How to Transition to Happy, Healthy Feet

Continuing on from my previous post, I’m going to lay out a few steps you can take to help build strong, resilient feet that can do their job of holding the rest of your body up all day. When making changes to how you use your feet, it’s important to do it in a way that doesn’t end up creating new issues along the way.

1. Take your time. You’ve got your whole life ahead of you to take care of your feet. Some changes may take months, and some may take years. If in doubt, slow down.

2. Evaluate your current footwear and see how they compare to the minimalist shoe characteristics listed below. Since what you wear on your feet impacts every single step you take, the shoes you choose to wear have a powerful effect on the health of your whole body.

3. Start doing some exercises to help strengthen and mobilize your feet. I’ll share some ideas below, but if you want some more individualized guidance, you can work with me or another Restorative Exercise Specialist. I’d also recommend checking out either of Katy Bowman’s foot books: Simple Steps To Foot Pain Relief or Whole Body Barefoot.

What are Minimal Shoes?

Minimal footwear are shoes that try as much as possible to allow your feet to function as if they were barefoot, while providing some protection from things like broken glass and cold weather. There are five basic attributes that you want to look for:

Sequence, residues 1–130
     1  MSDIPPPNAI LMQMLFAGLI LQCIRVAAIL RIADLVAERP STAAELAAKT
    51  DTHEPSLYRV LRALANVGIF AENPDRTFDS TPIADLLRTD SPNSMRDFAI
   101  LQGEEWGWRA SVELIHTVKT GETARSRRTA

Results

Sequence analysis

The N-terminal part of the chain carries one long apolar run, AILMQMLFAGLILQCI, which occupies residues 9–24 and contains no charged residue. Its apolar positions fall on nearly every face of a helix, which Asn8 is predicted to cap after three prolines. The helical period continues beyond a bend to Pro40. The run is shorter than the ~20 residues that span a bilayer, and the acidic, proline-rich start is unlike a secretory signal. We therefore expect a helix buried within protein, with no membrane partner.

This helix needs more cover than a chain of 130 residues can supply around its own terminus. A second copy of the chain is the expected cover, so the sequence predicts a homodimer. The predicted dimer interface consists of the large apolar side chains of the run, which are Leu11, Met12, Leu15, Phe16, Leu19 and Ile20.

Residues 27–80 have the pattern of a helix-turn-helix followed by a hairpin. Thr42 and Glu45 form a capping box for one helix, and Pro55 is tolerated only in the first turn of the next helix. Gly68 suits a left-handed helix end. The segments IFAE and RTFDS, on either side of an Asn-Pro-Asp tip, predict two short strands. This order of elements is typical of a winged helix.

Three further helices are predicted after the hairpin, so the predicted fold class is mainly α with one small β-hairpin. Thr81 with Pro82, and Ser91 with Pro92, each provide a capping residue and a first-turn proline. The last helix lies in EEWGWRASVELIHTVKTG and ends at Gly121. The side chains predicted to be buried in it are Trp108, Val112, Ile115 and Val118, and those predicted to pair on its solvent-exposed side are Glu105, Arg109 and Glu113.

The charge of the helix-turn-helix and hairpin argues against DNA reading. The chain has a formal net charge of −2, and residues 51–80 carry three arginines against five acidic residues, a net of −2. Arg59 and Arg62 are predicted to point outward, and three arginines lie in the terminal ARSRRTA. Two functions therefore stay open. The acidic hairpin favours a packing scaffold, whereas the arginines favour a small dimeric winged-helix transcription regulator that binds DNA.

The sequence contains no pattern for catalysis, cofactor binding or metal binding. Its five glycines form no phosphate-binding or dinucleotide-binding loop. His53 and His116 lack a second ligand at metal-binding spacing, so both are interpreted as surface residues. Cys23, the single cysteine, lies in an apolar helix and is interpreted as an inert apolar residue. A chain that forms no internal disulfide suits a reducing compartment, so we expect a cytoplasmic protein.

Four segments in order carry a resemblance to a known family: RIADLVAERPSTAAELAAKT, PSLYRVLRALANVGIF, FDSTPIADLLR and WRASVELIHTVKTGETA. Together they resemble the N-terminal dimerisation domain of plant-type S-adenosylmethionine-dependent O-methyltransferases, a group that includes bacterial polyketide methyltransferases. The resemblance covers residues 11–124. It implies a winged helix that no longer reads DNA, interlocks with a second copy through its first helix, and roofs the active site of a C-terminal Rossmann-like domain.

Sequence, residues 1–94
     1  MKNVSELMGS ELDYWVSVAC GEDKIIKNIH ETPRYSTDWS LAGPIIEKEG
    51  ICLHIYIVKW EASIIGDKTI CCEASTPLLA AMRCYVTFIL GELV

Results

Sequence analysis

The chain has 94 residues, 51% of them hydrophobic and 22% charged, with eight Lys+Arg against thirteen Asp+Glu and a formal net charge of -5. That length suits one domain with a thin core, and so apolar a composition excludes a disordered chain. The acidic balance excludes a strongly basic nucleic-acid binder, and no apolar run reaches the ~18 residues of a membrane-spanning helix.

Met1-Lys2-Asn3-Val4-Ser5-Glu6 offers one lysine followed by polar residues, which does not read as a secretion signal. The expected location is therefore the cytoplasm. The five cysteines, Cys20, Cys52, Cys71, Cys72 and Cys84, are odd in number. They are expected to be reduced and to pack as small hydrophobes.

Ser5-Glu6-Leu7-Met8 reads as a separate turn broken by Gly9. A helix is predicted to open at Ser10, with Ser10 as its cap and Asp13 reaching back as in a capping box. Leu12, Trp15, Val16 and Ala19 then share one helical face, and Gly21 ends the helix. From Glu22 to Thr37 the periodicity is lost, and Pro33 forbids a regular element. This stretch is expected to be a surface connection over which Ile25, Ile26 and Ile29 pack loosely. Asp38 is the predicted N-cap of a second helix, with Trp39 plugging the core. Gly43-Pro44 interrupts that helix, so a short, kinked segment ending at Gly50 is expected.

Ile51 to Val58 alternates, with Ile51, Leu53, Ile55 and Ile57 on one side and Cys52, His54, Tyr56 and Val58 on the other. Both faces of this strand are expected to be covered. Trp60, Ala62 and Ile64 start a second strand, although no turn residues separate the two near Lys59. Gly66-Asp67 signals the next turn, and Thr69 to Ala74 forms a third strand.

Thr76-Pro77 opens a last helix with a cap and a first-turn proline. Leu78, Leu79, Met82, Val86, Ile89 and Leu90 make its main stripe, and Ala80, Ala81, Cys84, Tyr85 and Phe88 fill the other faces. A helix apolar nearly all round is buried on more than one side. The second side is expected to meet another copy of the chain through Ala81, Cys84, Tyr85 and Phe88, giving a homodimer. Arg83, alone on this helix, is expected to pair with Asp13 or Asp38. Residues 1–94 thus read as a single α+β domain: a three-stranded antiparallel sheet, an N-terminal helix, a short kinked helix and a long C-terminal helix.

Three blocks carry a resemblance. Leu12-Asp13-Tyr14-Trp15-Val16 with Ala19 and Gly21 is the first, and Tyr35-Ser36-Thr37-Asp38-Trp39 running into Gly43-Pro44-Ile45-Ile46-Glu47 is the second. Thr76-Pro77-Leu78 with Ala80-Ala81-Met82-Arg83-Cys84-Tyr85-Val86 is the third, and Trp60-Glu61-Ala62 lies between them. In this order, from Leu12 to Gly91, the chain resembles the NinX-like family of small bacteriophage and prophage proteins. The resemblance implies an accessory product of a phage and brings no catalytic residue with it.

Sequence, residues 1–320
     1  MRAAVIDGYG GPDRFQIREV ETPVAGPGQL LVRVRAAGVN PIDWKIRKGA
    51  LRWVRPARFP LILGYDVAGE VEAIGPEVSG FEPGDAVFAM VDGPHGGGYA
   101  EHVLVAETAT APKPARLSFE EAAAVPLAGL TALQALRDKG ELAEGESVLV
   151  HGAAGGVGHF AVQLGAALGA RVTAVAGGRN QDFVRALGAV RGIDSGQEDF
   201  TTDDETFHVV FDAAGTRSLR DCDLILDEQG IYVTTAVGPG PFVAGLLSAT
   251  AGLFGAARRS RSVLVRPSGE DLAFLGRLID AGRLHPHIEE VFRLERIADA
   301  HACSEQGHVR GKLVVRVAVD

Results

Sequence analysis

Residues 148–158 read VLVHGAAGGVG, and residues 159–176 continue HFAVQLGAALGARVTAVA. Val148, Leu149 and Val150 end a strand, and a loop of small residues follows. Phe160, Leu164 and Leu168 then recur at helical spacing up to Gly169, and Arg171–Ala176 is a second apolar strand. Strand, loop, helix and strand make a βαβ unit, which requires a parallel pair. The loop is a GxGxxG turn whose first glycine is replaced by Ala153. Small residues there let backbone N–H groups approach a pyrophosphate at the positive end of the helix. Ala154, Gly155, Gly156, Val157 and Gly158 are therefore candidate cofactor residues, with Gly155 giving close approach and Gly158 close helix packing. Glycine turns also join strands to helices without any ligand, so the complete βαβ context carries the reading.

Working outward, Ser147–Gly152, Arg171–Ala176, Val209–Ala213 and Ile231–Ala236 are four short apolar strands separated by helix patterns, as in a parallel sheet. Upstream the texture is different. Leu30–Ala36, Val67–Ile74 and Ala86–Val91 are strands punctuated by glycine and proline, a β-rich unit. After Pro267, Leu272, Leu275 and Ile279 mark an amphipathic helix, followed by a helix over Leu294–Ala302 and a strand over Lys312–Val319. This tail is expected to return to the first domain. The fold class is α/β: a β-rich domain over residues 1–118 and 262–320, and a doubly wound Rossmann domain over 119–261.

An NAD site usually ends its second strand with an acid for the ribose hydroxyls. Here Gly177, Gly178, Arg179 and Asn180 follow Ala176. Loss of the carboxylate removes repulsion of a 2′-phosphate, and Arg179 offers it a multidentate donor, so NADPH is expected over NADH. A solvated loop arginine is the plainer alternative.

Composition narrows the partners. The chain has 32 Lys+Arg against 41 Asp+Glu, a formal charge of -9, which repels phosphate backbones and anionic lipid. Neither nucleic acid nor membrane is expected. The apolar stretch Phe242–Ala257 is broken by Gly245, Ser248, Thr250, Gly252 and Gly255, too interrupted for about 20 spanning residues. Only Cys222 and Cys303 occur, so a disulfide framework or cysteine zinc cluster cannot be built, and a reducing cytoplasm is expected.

1. No elevated heel. Most shoes on the market today have a heel that is higher than the rest of the sole. Even a little bit of heel elevation makes the body act like it’s standing on a slight downhill slope all of the time, putting extra pressure on the front of the foot, and causing the rest of the body to compensate. You want to be able to stack your body weight over your heels, which you can only do if your feet are on level ground.

2. Wiggle room for the toes. Many shoes squeeze the toes together—a primary cause of bunions, nerve issues, neuromas, and more. Your toes should be able to wiggle and spread, even inside a shoe. Look for shoes that are actually shaped like a foot, particularly ones that have a wider “toe box.”

3. A flexible, thin sole. You want your feet to be able to move and respond based on the surfaces you are walking on. When you put a stiff, thick sole between your feet and the earth, your foot muscles, joints, and nerves stop being able to do their jobs well. Being able to sense the ground will help you balance and navigate obstacles without falling.

4. Fully attached to the foot. If you need to clench your toes with each step, as with flip-flops and clogs, the muscles within your feet will become overworked. This creates extra tension within the foot, making it hard to have feet that are flexible and mobile. The ideal shoe will let your feet do their thing without giving them extra work.

5. No toe spring. Some shoes lift up in the front, pulling the foot muscles into an unnatural position. This is another feature that adds unnecessary tension to the muscles of the foot, can cause issues like “hammertoes,” and prohibits feet from being able to move naturally.

This boot lifts the toes up off the ground.